Another risk of over-consuming okra water is the potential for a “high oxalate volume, which can lead to an increased risk of kidney stones, depending on what else you’re eating,” Routhenstein says. Oxalate is an organic compound that binds with minerals like calcium, which makes it harder for the body to absorb these nutrients. So, it’s wise to limit your consumption of oxalate-rich foods if you have a history of kidney disease.

How to make okra water

Start by washing the okra pods thoroughly. You have the option of using whole pods or cutting them into slices. Whichever you choose, add them to a jar or pitcher of cool water to steep overnight. Feller suggests soaking okra pods for 8 to 24 hours. If you prefer a less viscous texture, you can pour the liquid through a strainer. The result is a beverage that’s rich in mucilage.

If you don’t enjoy the earthy flavor of okra, another tip is to add lemon or honey. Avoid adding sugary beverages like juice or soda which can make you feel more dehydrated than refreshed. Becaise okra water tends to be slimy, you can skip the water and eat the pods whole. Both Feller and Routhenstein agree that okra is best consumed whole. (Check out these okra recipes for inspiration.)

Routhenstein suggests sautéing okra in an herb-infused tomato sauce. The acidity of tomato can reduce okra’s gummy texture. Feller recommends trying a recipe like callaloo (a Caribbean stew made with okra, among other ingredients) for maximum flavor and nutrition. Other ways to cut down on the sliminess of okra are using high heat, baking slices in the oven, or roasting them on a grill. You can also pickle okra or eat it fresh.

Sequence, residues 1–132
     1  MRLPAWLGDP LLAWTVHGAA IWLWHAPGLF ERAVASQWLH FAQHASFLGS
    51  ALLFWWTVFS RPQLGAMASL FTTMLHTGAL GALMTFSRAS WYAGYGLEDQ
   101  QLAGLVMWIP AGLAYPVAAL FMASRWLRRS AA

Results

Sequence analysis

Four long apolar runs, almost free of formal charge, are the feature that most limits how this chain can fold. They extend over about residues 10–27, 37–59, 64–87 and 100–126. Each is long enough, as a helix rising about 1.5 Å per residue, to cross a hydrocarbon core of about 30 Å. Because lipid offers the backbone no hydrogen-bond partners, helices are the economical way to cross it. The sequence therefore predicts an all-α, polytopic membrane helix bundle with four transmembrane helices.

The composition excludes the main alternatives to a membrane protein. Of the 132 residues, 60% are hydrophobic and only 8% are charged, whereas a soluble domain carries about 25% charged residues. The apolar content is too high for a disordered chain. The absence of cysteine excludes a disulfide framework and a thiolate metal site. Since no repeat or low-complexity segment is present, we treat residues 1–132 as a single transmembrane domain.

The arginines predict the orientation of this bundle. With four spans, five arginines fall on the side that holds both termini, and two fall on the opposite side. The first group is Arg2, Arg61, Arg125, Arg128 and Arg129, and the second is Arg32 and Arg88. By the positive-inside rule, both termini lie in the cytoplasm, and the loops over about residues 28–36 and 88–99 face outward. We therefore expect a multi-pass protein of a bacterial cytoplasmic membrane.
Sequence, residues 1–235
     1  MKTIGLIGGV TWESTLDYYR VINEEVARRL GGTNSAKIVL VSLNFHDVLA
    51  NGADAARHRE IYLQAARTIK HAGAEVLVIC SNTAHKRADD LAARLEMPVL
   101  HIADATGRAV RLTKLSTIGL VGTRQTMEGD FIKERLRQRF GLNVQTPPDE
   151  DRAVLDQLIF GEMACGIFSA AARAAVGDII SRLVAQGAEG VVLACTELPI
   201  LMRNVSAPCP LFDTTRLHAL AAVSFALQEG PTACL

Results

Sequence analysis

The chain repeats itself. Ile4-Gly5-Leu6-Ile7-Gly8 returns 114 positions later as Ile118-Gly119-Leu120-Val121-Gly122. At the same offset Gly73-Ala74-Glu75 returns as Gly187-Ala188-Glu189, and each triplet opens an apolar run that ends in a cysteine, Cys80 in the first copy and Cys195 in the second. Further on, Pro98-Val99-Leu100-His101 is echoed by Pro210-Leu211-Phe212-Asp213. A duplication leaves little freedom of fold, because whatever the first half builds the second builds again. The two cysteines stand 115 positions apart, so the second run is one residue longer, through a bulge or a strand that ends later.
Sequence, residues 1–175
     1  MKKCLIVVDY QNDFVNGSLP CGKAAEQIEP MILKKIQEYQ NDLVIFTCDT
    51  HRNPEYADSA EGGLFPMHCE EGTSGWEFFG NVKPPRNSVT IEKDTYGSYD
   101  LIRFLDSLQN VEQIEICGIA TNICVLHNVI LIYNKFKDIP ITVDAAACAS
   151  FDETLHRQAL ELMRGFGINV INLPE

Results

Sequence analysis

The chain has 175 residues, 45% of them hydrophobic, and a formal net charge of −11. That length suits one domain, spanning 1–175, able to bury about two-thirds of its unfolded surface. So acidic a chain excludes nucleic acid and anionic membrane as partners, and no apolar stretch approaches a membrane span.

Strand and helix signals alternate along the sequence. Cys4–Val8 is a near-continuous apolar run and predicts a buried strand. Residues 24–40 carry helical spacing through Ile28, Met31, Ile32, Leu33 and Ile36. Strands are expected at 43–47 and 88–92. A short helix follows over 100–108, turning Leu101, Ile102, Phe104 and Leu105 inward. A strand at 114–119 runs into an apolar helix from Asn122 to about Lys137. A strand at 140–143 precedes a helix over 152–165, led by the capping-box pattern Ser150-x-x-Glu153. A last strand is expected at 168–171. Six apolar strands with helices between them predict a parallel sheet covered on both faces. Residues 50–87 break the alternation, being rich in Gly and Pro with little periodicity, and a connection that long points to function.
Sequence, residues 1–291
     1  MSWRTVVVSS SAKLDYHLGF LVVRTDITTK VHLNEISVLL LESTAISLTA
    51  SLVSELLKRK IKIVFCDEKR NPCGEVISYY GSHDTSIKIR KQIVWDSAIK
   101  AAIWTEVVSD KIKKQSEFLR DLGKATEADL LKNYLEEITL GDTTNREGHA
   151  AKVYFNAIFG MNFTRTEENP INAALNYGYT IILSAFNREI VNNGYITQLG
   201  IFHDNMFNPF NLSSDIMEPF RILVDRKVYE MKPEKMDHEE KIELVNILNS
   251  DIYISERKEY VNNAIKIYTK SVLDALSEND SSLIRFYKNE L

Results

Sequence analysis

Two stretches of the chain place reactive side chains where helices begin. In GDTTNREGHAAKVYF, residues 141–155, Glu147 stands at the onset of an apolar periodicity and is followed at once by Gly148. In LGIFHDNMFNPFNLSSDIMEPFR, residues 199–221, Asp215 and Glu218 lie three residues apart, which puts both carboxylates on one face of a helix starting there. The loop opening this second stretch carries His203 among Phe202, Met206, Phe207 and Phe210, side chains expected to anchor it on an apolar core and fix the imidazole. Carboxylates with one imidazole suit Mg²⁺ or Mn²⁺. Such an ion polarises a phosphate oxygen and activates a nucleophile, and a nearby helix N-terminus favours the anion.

How much okra water should you drink a day?

Currently, there is no research on the benefits of drinking a specific quantity of okra water. “Therefore, it should be done with caution and in conversation with your health care provider, including a registered dietitian,” Routhenstein says.

The bottom line

Okra is a staple in stews and soups because it’s readily available, inexpensive, and works as a thickening agent. Some studies suggest there are benefits to consuming okra, but research on the health effects of drinking okra water is lacking. Okra contains fiber, minerals, and vitamins, but you don’t know how much of these nutrients are deposited into the water.

That said, because okra water is thick and gelatinous, it’s possible that at least some nutrients are seeping into the H2O. If okra water complements your taste preferences, staying hydrated is a good reason to make this beverage part of your routine. Just be sure you’re also eating a nutritionally balanced diet that includes fruits, vegetables, legumes, and whole grains.

Well+Good articles reference scientific, reliable, recent, robust studies to back up the information we share. You can trust us along your wellness journey.